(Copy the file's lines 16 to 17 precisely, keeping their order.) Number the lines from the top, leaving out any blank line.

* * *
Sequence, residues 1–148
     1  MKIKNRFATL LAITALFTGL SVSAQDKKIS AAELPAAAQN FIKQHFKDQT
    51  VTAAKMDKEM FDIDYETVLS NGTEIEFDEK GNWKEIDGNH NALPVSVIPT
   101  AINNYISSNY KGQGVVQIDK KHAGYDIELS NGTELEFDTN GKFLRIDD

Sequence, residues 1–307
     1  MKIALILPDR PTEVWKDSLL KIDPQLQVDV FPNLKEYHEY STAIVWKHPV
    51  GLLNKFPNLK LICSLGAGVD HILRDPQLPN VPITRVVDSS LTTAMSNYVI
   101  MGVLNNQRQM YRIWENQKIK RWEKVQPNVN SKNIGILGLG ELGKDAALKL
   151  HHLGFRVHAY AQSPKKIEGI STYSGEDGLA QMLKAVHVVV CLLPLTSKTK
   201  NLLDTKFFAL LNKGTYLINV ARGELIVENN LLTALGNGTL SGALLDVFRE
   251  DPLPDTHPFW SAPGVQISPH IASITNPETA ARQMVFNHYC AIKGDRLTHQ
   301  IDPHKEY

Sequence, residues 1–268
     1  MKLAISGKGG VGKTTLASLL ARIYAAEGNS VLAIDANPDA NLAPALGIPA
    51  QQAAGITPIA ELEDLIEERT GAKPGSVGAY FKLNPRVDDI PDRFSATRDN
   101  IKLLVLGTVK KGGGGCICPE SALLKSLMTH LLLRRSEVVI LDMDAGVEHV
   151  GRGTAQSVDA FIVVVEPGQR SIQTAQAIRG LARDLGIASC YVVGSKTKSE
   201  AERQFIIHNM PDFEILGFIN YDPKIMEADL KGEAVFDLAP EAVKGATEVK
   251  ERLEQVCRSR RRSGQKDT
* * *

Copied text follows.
   101  IKLLVLGTVK KGGGGCICPE SALLKSLMTH LLLRRSEVVI LDMDAGVEHV
   151  GRGTAQSVDA FIVVVEPGQR SIQTAQAIRG LARDLGIASC YVVGSKTKSE